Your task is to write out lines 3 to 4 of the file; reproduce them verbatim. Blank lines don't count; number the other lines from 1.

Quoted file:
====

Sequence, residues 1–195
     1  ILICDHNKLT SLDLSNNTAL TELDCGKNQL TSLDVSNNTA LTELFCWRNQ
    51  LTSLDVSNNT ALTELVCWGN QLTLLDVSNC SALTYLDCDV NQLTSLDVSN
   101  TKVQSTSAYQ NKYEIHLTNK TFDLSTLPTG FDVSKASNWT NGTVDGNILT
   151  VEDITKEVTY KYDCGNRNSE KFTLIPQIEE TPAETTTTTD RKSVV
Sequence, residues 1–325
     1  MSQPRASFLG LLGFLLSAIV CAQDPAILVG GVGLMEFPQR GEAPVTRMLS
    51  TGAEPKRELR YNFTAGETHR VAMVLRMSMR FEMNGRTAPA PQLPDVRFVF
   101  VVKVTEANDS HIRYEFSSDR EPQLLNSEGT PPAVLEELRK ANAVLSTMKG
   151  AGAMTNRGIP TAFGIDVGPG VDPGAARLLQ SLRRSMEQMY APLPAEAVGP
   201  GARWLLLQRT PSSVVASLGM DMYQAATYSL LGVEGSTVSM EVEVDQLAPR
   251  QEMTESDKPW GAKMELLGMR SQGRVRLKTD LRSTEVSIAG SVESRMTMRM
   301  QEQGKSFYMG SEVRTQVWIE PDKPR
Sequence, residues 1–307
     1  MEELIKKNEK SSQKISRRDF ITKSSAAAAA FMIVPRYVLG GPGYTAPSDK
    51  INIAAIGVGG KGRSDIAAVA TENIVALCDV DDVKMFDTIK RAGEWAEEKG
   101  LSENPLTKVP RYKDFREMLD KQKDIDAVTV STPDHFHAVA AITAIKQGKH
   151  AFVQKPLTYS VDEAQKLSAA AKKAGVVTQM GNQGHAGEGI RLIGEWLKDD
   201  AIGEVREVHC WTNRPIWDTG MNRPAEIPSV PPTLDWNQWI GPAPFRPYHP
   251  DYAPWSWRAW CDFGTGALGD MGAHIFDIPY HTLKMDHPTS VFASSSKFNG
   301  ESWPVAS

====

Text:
    51  LTSLDVSNNT ALTELVCWGN QLTLLDVSNC SALTYLDCDV NQLTSLDVSN
   101  TKVQSTSAYQ NKYEIHLTNK TFDLSTLPTG FDVSKASNWT NGTVDGNILT